The Most Expensive “Candy”

by AndreChevalier on March 9, 2020 · The Book Trade

The unison of three greatly provocative and time-changing minds were responsible for the bestseller Candy, which on one hand greatly influenced popular culture of the 1960’s,  and on the other, caused furor for its vulgar take on contemporary culture. The work of writer Terry Southern, poet Mason Hoffenberg and publisher Maurice Girodias, was originally pseudonymously published by the Olympia Press in Paris, in October of 1958 and was officially banned in France in May of 1959.

When the French authorities began to confiscate copies offered for sale, the book had already been reissued with one small change:  the price printed at the bottom of the rear panel, “Francs: 1.200” was overstamped in blue ink with “New Price N.F. 15”.  The Brigade de Répression du Proxénétisme (BRP), a judicial police service of the French National Police, responsible for the surveillance of prostitution and the repression of immoral living, seized all available copies from the Paris bookshops. In an attempt to fool sensors and sell the remaining copies of the work,  publisher Maurice Girodas, changed the title of Candy and reissued it as Lollipop, along with reprinting the first few pages, including the dedication “to Master Boon and Master Badj”,( originally Master Hadj and Master Zoon), and re-attributing an introductory quotation to Rimbaud rather than Voltaire. This worked rather well and many of the copies of this edition survived, leaving the first edition with the original title quite a scarcity, both in the first (not overstamped) issue, and the second issue. Currently, first issue copies in collectible condition are available for sale at around $5,000.














The price hike is not solely attributed to censorship, however. The book gained popularity by taking its part in the Beat Generation literary movement. While living in Paris, the three men responsible for bringing this erotic fantasy to fruition, helped develop the Beat Generation’s reputation as new bohemian hedonists, who celebrated non-conformity and spontaneous creativity. Maurice Girodia, founder of the scandalous “Olympia Press,” and at one time owner of his father’s “Obelisk Press,” was Europe’s most infamous publisher who sought to publish works which were deemed shocking and unpublishable in English. In addition to Candy , he was also the first publisher of  Lolita, Naked Lunch, The Tropic of Cancer, and Marquis de Sade.  Terry Southern, the author with Texan, Irish, and Native American roots, wrote the film dialogue in the landmark films “Dr. Strangelove” and “Easy Rider”. Terry’s mandate was to take things as far out as they could go using his killer ear for dialogue. Last, but not least, Mason Hoffenberg was one of the smartest, hippest, most undisciplined poets extending from the Greenwich Village of New York, to the Left Bank of Paris. He hung out with Jean-Paul Sartre, Samuel Beckett, and Henry Miller, and helped a newcomer named William Burroughs publish his blockbuster: “Naked Lunch.”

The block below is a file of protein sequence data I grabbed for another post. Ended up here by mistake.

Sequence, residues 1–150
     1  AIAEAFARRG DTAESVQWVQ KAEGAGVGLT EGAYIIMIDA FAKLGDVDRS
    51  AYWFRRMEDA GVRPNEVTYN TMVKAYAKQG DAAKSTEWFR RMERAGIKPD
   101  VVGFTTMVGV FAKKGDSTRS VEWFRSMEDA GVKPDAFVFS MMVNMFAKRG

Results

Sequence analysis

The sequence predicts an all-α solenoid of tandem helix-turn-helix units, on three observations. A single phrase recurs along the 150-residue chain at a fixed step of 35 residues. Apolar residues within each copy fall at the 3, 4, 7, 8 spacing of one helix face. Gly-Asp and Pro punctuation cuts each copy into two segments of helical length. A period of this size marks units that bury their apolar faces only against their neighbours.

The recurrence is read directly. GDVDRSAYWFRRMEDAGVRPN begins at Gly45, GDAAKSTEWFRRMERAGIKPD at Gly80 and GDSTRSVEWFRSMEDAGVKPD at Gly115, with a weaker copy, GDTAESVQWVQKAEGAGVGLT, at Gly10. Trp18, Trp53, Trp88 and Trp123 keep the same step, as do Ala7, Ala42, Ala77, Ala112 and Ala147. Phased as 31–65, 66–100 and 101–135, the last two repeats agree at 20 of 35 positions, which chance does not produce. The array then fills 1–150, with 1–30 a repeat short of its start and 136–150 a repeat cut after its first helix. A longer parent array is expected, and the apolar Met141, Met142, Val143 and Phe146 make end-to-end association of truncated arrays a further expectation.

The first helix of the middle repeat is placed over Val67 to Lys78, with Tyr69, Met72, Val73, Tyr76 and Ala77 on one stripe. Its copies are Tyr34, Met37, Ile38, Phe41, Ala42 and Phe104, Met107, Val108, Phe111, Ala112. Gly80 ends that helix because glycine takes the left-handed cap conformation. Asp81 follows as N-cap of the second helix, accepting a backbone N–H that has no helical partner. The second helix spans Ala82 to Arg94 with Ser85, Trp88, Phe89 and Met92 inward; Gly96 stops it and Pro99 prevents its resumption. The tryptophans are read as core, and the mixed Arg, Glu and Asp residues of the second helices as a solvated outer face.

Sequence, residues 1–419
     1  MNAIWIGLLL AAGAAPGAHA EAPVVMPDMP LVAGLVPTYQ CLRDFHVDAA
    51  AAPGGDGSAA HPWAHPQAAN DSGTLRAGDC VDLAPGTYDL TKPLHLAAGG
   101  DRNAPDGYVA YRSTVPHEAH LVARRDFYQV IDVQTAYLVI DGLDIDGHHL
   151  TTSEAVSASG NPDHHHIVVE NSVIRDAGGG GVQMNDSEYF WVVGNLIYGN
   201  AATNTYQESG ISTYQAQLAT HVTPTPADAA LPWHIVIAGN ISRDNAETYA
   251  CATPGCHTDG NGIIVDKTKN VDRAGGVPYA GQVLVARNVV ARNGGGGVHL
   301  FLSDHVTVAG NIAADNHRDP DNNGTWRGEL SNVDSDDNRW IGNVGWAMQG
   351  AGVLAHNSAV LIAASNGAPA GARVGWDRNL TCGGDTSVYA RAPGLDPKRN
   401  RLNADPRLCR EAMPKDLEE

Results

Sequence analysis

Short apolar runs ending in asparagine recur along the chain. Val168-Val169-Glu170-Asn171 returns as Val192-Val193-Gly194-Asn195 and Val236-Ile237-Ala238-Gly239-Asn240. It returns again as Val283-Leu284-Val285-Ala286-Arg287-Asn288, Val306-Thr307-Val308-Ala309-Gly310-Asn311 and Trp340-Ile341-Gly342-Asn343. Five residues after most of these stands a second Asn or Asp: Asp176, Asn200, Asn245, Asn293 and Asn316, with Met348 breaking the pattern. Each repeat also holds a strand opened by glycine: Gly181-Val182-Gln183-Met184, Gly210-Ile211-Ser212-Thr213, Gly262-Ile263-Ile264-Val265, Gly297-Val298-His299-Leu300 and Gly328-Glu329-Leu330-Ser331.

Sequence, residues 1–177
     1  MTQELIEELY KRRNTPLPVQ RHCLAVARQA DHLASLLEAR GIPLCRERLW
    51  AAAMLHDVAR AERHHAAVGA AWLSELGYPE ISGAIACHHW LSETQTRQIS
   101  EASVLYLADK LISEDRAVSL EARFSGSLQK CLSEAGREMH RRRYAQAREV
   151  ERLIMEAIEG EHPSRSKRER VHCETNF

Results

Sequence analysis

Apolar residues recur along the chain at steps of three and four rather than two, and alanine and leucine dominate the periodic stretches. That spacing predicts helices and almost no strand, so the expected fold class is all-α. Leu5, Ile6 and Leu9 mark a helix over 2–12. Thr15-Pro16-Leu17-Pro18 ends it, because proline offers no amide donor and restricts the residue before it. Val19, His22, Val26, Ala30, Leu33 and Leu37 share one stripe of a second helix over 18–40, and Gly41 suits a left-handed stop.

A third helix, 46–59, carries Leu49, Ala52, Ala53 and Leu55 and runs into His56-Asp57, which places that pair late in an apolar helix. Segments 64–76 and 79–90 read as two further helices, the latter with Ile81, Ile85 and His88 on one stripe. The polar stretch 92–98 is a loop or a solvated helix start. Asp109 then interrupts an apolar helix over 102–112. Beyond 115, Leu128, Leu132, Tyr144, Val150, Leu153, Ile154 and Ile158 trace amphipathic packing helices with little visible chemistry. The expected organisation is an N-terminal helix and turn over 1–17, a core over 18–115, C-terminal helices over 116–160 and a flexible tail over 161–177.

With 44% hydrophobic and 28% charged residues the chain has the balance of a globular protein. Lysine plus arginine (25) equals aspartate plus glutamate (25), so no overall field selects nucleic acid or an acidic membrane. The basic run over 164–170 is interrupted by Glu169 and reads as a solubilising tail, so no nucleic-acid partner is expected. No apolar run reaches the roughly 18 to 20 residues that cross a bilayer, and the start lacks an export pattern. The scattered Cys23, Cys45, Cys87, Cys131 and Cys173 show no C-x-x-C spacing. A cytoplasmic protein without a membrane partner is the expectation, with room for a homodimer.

Another factor contributing to Candy’s popularity is film adaptation.  In 1964, Candy, was published in North America by G.P. Putnam’s Sons, in hardcover. Four years later, the story was made into an all-star film by Christian Marquand, starring Ewa Aulin, Marlon Brando, Richard Burton, Ringo Starr, Walter Matthau, James Coburn, Charles Aznavour, John Astin, John Huston, Anita Pallenberg and Enrico Maria Salerno. It quickly became a cult film, despite a disappointing introduction in the US, but with a great run throughout Europe. The DVD is also quite scarce.

Later on came favorable criticism. In 2006, Playboy Magazine listed Candy among the “25 Sexiest Novels Ever Written,” and described the story as a “young heroine’s picaresque travels, a kind of sexual pinball machine that lights up academia, gardeners, the medical profession, mystics and bohemians.” Neil Southern, in his 2004 book, The Candy Men: The Rollicking Life and Times of the Notorious Novel Candy, tells the story of the book, the men behind it, and the furor that it caused. Terry’s son got the idea for his book after reading a letter to his father from a British barrister advising how, (even in 1968),  the only way Candy could appear in England would be to undergo a “pornectomy” – eliminating about eight instances of what was considered “indecency.”

Looking onward, the collectability of Candy is bound to grow. The book has been recognized as the most popular “dirty” book in Europe, during the time when the Supreme Court in the USA was struggling with the definition of sex. Paris was the only place you could print “dirty” books in English at that time, and to actually be censored in France, is quite an achievement! As psychologist Carl Jung first contended:  “what you resist not only persists, but will grow in size.”


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Article by Andre Chevalier. You can connect with Andre Chevalier on Andre+

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